Saxon Burgh & Stanley Spencer

The Romans appear to have had some sort of settlement at the southern end of the village. This was approximately at the junction of the Roman roads known as the Camlet Way and Alderman Silver’s Road. The place may have been a villa, though the main building has not yet been discovered. Finds of quern stones and agricultural implements certainly imply a farming community, as do two impressive corn-drying facilities.

The Camlet Way ran from St Albans to Silchester and appears to have crossed the Thames at Sashes Island in Cookham. Wooden piles and stakes found there in the 19th century (and again in 1969) may indicate the remains of a substantial bridge. There was probably an adjoining river port named Cwch-ium – Celtic for Boat-Place (the alternative Anglo-Saxon Cook’s Home seems somewhat obscure). The earliest Anglo-Saxon settlers in the parish appear to have liked the area around Cookham Rise, but later they moved towards the river. The island of Odney may have been sacred to the chief Anglo-Saxon god, Woden: ‘Od’n-ey meaning Woden’s Isle. Nearby Sashes Island eventually became one of King Alfred’s burhs, a fortified place of refuge built for use during periods of Viking invasion.

The present village of Cookham probably mostly took off in the 8th century after an Anglo-Saxon monastery was founded there. It was probably a twin-house for both monks and nuns. A national religious synod once met there. The old abbey church is probably the basis of the present parish church which shows signs of Anglo-Saxon work in the chancel. It certainly became an Anglo-Saxon Minster in later years. The kings of Wessex also had a ‘Royal Vill’ or intermittent palace next door, where the Witan (Anglo-Saxon parliament) met in AD 997. This probably stood in Little Berry Field.

The present church is mostly 13th century, but there is an interesting Lady Chapel closely dated to 1182. It was built on the site of a hermitage that adjoined the old Norman building. An anchoress lived there through the generosity of King Henry II, who may have been trying to expiate himself for the murder of St Thomas Becket in his name. She died in 1181 and was probably buried in the Norman style grave found just outside the walls. There were less virtuous inhabitants interred in the churchyard in later centuries. The parish register contains the following entry: 

March 9th 1741,
Richard Smith, a highwayman shot on the road.

There are several good brasses in the church. One is to Edward Woodyer (1613) whose home, Churchgate House, adjoins the churchyard. This old timber-framed house was originally built around 1350. It has a priest-hole and is said to have been the residence of the Abbot of Cirencester. Though this man was officially the village rector, he was probably rarely seen there. The extent of Cirencester Abbey’s property was said to be marked by the Tarry Stone (or Cookham Stone) that now stands at the end of the High Street but was originally in the middle of the road junction just opposite. This is a very mundane explanation for the presence of a fascinating object. It is an old sarsen stone, not native to the area, which may indicate some ancient religious significance, perhaps remembered in the village games that were once played around it.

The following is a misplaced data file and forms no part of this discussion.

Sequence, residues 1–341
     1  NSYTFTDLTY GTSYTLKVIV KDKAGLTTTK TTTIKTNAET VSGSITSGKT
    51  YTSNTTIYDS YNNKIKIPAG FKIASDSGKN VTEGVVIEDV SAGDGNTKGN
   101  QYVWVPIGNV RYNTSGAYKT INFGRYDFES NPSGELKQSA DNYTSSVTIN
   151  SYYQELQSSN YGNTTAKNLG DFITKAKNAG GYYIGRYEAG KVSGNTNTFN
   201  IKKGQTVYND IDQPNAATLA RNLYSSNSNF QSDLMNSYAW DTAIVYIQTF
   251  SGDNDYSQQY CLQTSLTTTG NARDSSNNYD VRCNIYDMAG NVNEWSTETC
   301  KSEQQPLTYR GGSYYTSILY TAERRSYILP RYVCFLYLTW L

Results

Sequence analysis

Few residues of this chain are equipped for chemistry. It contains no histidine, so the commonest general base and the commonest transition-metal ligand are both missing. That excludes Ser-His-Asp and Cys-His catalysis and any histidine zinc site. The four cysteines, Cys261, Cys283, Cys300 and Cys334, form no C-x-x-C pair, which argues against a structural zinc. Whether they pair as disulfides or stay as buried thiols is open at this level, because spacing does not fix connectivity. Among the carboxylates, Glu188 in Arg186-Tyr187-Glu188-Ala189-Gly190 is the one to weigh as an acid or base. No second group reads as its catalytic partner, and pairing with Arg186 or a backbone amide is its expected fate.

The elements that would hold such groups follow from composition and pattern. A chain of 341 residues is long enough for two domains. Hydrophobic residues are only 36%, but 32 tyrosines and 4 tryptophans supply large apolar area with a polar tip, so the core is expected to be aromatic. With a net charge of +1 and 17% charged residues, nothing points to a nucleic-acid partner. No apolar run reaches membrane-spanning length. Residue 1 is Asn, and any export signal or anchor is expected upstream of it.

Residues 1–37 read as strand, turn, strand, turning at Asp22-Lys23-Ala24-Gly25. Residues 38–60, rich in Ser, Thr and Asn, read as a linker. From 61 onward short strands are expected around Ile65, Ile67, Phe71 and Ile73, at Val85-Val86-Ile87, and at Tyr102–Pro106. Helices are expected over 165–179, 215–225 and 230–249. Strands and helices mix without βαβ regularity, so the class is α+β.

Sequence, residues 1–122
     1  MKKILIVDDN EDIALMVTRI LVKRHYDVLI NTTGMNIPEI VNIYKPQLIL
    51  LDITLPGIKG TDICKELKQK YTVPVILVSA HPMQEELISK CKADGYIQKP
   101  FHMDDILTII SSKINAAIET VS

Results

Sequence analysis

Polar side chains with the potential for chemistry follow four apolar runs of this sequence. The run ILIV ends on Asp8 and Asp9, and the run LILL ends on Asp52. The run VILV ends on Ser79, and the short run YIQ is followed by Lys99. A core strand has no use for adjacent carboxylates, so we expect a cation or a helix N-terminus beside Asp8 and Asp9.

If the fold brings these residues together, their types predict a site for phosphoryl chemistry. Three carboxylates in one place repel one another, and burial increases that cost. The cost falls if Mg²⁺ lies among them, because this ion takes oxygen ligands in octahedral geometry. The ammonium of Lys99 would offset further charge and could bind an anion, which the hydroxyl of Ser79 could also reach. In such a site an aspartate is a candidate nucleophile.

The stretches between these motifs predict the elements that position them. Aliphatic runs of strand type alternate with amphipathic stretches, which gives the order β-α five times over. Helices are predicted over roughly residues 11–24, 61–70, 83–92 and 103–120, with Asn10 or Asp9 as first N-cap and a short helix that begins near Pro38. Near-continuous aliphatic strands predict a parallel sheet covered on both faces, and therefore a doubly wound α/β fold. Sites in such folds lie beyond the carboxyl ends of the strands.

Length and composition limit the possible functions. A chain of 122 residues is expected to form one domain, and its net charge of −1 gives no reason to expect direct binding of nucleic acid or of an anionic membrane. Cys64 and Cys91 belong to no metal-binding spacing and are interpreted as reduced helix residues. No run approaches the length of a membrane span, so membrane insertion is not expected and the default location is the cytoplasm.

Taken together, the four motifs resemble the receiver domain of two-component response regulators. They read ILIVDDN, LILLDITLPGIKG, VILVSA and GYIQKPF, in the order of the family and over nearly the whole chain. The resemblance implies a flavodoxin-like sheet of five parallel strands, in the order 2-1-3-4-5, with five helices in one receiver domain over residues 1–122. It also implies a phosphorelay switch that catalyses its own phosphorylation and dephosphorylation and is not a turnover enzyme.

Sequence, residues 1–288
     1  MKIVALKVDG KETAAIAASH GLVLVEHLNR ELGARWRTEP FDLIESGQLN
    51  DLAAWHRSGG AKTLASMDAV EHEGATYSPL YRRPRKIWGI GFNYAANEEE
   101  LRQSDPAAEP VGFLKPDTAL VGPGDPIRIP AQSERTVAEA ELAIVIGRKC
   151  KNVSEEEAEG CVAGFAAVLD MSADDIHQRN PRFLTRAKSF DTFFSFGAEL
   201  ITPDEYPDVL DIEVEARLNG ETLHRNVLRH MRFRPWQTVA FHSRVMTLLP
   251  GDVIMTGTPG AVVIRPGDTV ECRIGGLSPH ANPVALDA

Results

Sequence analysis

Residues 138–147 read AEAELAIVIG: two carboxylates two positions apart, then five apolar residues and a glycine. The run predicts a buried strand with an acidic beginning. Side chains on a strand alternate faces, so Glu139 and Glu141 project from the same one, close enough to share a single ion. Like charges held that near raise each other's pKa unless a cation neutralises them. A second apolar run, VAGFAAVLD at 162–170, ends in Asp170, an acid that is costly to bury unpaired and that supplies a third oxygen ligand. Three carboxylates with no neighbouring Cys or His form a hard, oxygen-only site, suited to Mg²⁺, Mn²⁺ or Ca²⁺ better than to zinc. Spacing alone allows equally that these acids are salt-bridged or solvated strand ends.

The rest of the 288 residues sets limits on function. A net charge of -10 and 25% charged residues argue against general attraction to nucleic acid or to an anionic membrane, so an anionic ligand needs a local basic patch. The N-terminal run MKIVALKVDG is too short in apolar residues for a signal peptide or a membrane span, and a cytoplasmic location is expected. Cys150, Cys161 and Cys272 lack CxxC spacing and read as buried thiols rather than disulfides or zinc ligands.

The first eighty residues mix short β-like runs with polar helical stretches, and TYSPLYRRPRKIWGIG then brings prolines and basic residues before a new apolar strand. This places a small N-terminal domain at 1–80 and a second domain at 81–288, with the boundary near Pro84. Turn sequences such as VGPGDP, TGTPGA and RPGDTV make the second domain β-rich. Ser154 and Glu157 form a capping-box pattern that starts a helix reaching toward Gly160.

Cookham is most famous as the home of Stanley Spencer who lived in the village for many years and several of his paintings – notably ‘The Resurrection, Cookham’ – were set there. His grave can be seen in the churchyard and the village even has its own art gallery dedicated to his memory. It is housed in the old Methodist Chapel in which he once worshipped.

Kenneth Grahame wrote the ‘Wind in the Willows’ at Cookham Dean and the character of Mr Toad was inspired by the eccentric Colonel Francis Ricardo of Lullebrook House (now the Odney Club and perhaps the original ‘Toad Hall’) on Odney Island. He was the Sheriff of Berkshire in 1894 and 1913 and the first person in Cookham to own a car: a canary yellow Rolls Royce Silver Ghost – just like the one that got Mr Toad into so much trouble. Grahame mentions the ford near the old fort on Sashes Island as the place where Otter taught his son, Portly, to swim. 

Read more history of Cookham and other settlements in the parish in David Nash Ford's book, 'East Berkshire Town and Village Histories'.
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Whether you are from East Berkshire or just visiting, this book is the place to find out all about the history of some 126 different towns, suburbs, villages and hamlets around Windsor and Maidenhead, Slough and Bracknell Forest. Join David Nash Ford from as he examines the structures, people and events that have shaped each place. Some of these histories were first published in part here on this website, but they have all been considerably expanded and are joined by many new histories of places often missed by historians, including those which only joined Berkshire in 1974 or later. Click for full details and purchase options. 



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